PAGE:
July 19, 2018
Resplendent Quetzal male
Resplendent Quetzal male
Obsession—an idea or thought that continually preoccupies or intrudes on a person’s mind, a fixation, consuming passion, compulsion, infatuation, or addiction.

Obsession is a perfume—clever marketing.  Obsession is the partial name given to a mental disorder treatable with medication.  Obsession is the label I often heard, back in the day, affixed to my quixotic travels to photograph every North American bird.  Now obsession is a topic explored by Kirk Wallace Johnson in The Feather Thief, a new, must read book for birders and anyone who claims to be concerned about the future of our planet.

The Feather Thief, at its heart, is a crime novel, and Johnson is an indefatigable investigative journalist and a good writer.  His story delves into birds, the environment, and the history of Darwinian Theory.  If I haven’t hooked you yet, let me say that the hook for me was the obscure and arcane avocation which led to the title’s crime and the unfathomable premise upon which that avocation is based.

We still lament how small the birding niche is under the broad outdoor recreation umbrella, but I’m guessing its numbers are far larger than those involved in fly fishing, and I have to believe many, if not most, fly fishermen do not tie their own flies.  Now imagine how small the subset must be of those who tie flies but have no intention of fishing with those flies or selling them to those who do!  Who knew?

In November, 2009, Edwin Rist, a twenty year old world class professional American flautist studying at the Royal Academy of Music in London broke into the Natural History Museum in Tring, forty miles north, and stole 299 rare bird skins.  With a monetary value placed at seven figures, many of the irreplaceable specimens had been collected by Alfred Russell Wallace, a Darwin contemporary, in Southeast Asia 150 years before.  Rist was also world class in a disparate field—fly tying, and it was his intention to sell the spectacular feathers of quetzals, cotingas, bowerbirds, and birds of paradise to the tight, obsessive community of those who tie flies purely as an art form and will pay up to $2000 for a single feather.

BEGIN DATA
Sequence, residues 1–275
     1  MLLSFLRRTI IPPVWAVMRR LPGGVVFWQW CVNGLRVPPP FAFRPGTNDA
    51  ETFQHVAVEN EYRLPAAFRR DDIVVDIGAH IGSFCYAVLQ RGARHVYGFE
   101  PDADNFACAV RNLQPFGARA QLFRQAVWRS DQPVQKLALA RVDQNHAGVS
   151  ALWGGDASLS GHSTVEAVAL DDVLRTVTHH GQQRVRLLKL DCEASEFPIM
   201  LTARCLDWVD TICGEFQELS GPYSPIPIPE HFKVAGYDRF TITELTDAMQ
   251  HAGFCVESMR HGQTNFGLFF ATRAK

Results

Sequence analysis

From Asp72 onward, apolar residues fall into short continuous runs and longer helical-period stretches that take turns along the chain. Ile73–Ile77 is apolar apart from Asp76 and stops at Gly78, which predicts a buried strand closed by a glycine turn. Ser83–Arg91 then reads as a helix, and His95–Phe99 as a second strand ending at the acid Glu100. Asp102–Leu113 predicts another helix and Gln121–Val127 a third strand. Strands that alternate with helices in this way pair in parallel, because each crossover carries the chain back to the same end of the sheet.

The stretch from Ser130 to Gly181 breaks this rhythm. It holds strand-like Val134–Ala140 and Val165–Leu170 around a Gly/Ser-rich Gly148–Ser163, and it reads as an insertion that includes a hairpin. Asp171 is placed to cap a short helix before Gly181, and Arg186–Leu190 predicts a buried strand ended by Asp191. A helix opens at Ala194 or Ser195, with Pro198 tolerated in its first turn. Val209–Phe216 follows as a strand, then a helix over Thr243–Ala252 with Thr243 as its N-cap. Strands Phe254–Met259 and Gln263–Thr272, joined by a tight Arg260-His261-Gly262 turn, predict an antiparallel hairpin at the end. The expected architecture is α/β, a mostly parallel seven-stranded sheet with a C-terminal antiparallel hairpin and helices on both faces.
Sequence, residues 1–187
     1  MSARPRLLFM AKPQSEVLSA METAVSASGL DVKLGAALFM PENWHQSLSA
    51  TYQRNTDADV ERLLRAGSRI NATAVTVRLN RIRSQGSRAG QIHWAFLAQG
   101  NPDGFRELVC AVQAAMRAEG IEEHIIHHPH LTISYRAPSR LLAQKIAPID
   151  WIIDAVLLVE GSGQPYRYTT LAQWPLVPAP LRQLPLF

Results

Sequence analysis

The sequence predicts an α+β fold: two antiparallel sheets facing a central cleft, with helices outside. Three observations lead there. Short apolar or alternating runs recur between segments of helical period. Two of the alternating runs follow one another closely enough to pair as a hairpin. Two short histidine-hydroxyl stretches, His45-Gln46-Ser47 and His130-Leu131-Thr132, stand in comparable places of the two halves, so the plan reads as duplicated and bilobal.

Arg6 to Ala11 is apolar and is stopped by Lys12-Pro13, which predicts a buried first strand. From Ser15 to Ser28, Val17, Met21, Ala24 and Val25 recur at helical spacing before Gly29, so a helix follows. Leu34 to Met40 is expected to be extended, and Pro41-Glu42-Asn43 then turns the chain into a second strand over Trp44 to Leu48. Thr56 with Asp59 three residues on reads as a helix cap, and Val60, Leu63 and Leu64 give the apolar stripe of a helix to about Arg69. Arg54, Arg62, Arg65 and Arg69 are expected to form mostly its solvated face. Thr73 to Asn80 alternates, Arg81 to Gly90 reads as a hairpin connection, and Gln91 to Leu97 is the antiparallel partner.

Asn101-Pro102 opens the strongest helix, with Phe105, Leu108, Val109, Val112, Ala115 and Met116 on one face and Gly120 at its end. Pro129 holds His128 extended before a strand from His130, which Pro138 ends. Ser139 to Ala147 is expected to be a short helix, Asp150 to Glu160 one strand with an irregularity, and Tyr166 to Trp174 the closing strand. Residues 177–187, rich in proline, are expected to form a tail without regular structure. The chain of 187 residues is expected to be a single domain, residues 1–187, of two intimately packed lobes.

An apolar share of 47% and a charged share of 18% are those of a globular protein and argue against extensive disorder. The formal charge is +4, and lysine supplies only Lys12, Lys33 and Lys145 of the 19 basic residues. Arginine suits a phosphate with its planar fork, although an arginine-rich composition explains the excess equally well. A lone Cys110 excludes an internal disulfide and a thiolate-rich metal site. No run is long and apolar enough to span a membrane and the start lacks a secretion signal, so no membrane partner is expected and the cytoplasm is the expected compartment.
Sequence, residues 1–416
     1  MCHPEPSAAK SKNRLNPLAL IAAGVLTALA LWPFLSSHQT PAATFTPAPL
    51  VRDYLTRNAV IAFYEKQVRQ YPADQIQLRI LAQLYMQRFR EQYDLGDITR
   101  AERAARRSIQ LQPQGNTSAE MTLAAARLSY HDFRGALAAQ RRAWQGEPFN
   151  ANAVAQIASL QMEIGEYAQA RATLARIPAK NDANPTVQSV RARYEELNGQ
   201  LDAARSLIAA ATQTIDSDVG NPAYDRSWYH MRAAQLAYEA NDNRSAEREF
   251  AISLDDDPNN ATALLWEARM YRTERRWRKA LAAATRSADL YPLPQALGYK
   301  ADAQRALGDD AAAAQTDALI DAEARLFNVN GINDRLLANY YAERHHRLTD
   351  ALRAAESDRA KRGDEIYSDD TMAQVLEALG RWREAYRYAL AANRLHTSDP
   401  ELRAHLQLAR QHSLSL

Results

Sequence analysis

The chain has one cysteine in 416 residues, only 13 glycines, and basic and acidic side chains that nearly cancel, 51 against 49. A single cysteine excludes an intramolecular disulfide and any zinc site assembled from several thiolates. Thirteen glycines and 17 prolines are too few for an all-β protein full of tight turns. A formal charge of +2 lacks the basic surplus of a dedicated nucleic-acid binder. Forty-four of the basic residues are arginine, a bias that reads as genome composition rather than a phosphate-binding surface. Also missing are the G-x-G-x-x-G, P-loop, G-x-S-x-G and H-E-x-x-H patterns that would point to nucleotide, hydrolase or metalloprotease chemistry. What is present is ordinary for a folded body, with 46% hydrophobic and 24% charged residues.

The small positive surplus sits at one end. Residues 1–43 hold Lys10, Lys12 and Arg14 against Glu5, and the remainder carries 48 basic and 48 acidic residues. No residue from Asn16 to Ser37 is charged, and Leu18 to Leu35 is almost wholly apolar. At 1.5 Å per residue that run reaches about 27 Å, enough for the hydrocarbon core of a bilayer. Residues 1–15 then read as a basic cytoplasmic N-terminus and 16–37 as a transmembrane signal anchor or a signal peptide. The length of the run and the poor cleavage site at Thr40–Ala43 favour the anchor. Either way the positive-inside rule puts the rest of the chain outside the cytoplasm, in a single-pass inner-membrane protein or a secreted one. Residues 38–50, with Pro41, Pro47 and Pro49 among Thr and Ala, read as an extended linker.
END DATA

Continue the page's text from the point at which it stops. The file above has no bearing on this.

Read that paragraph again, then smack your forehead.  Johnson weaves together the perilous expeditionary journeys of Wallace in the nineteenth century, the sordid history and demise of the millinery trade in the early twentieth century, the incredible naivete of Rist in this century’s internet age, and his own rather obsessive travels and interviews as he attempts to find the missing feathers.

It will be with disbelief that you read Johnson’s account of Rist’s trial in which he got off with no prison time because his defense team skillfully used the Asperger’s plea.  I spent years working for a man I felt exhibited Asperger’s symptoms, and I recognize its traits—tunnel vision, lack of empathy and emotional intelligence, a dearth of social skills—which comprise a fitting litany for the obsessive nature of the fly tying community and also sound an echo of the unapologetic arrogance and avarice stalking our planet now.

The undercurrent of The Feather Thief is the long and depressing history of man’s disregard and destruction of nature and its beauty.  It continues apace, and the bizarre episode detailed in the book seems a microcosm of today’s lack of compassion for those of our own species less fortunate and those of other species less “advanced.”  It’s a well written cautionary tale with great relevance in our current cultural and political climate.